How do you think your latest album differs from your previous works? How much has the style of the project changed from release to release?
– The latest album has a lot more Classical music and Folk music influences than the previous ones, there is a lot more keyboard, we have orchestral prologue and epilogue, we experiment with new sounds such as the mandolin, and also I only sing in a clear voice, there is no Black Metal screaming on this record. I really think there are no two APOKALYPSE albums that sound alike, because we try to evolve and bring things one step forward with every album we make. Every record has its own character and mood, and while there is a common vibe or atmosphere that links them all and makes them all sound like APOKALYPSE, the music itself differs greatly. “Si Vis Pacem, Para Bellum” is perhaps the less original work, it is basically a tribute to BATHORY in the era between “Blood, Fire, Death” and “Twilight of the Gods”. Then we have “To Hall Up High – In Memory Of Quorthon” which is a cover album, it was really appreciated by the audience, but that’s not my material so we don’t need to comment on it. It’s just covers. After that, we have “Odes”, a very introvert and depressive record, there is a lot of Doom Metal and Depressive Black Metal influence on that one. Then “Collapse”, very very different, this is purely a Death Metal album. Faster, more brutal, and a lot of lead guitar. This is a guitar-based album. And finally we have “Pedemontium”, which we talked about before.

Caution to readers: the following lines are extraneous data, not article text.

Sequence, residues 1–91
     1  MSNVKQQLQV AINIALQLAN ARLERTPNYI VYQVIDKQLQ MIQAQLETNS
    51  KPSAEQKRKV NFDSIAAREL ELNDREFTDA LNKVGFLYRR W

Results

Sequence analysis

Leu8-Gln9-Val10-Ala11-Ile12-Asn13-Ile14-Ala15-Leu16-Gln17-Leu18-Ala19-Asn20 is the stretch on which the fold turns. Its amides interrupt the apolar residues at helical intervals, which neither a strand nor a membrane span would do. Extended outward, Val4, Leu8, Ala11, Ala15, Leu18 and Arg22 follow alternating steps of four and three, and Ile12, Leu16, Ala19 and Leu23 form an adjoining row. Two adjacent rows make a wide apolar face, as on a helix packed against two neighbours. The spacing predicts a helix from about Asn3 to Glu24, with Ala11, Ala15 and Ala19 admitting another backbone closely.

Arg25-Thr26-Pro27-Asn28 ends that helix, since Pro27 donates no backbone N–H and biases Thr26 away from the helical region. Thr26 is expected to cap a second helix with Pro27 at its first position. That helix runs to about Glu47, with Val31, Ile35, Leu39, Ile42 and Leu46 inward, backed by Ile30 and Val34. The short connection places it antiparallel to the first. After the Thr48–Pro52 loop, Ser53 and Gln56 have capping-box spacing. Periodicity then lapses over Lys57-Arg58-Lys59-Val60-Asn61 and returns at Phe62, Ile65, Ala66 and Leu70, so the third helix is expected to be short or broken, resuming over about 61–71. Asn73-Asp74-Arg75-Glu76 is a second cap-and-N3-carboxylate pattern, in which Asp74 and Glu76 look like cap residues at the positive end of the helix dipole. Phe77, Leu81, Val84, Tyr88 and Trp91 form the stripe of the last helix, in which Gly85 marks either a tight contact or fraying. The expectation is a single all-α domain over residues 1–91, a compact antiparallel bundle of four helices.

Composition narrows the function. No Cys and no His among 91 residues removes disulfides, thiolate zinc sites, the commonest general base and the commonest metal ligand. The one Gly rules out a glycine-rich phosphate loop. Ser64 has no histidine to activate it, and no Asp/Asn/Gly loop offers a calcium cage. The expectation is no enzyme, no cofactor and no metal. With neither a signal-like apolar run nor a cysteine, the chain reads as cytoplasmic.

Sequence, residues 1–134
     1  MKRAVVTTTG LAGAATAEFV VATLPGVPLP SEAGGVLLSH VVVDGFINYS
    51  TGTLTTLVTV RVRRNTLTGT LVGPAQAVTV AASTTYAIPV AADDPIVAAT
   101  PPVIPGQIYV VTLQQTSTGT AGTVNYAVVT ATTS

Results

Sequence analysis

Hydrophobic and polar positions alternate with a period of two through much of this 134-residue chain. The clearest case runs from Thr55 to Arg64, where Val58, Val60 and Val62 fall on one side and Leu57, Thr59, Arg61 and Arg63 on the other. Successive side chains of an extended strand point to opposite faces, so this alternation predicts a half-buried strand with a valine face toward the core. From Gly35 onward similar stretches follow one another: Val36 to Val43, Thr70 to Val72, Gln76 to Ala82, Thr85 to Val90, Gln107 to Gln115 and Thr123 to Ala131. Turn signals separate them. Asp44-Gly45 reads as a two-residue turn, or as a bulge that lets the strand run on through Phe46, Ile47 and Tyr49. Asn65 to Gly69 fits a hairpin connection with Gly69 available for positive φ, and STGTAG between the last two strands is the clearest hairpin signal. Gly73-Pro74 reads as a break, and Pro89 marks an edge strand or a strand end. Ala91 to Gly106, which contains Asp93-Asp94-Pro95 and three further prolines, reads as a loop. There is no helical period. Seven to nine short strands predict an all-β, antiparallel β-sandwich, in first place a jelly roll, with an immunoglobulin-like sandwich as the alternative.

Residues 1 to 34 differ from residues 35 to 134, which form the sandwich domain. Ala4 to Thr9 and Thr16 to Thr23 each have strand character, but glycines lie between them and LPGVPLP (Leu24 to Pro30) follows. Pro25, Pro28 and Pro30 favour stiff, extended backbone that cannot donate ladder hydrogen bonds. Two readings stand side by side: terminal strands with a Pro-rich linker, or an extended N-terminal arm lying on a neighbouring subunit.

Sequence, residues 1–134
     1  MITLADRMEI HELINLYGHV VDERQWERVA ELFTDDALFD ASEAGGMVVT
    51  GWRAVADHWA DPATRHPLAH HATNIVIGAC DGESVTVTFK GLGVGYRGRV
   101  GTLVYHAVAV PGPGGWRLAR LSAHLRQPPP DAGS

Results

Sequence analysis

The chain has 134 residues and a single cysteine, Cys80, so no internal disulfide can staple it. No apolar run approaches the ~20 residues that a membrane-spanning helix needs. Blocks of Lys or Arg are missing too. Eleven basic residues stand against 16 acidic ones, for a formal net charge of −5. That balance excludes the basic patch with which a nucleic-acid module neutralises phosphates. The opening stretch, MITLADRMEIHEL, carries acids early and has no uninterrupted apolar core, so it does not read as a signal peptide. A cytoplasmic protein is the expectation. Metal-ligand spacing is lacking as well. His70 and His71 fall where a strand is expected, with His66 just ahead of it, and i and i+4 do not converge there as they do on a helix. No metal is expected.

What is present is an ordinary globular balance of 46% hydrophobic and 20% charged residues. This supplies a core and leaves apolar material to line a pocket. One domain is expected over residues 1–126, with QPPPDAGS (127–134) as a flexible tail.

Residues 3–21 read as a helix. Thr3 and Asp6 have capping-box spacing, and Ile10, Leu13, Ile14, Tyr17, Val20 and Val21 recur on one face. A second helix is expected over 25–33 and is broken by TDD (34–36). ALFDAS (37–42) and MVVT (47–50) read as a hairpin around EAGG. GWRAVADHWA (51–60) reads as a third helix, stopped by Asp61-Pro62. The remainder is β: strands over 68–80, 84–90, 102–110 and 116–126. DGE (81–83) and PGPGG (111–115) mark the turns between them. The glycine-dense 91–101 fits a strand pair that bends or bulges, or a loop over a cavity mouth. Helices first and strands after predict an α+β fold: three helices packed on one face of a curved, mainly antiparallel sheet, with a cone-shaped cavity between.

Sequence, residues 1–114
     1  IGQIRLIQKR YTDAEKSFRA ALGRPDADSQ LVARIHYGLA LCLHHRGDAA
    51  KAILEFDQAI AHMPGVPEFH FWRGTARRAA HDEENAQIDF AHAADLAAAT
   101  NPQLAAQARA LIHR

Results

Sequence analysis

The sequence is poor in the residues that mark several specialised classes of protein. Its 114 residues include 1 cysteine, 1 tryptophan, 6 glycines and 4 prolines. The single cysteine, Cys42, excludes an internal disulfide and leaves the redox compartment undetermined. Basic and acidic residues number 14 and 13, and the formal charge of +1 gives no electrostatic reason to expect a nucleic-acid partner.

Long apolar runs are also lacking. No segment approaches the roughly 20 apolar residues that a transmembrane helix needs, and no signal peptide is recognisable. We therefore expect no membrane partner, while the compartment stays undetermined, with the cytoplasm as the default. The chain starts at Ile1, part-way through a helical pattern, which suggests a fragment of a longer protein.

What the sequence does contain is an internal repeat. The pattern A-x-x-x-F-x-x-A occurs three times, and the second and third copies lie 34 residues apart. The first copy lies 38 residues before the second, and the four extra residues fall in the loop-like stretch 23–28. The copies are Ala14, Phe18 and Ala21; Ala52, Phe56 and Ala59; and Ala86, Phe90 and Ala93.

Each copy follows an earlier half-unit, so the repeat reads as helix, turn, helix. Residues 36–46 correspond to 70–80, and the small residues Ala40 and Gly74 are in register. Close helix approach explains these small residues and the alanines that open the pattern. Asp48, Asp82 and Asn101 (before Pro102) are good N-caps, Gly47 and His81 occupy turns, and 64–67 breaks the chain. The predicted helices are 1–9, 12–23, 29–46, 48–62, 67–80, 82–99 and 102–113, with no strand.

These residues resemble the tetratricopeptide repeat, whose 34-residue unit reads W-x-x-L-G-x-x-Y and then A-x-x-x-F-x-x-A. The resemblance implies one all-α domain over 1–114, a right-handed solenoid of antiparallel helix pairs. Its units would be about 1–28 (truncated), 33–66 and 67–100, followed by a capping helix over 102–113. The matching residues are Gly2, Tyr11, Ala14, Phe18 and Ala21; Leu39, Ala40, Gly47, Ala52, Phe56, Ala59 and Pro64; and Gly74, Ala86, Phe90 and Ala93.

What is your favorite thing about modern black metal? How much has the genre evolved over time in your opinion? What’s better / worse, easier / more difficult?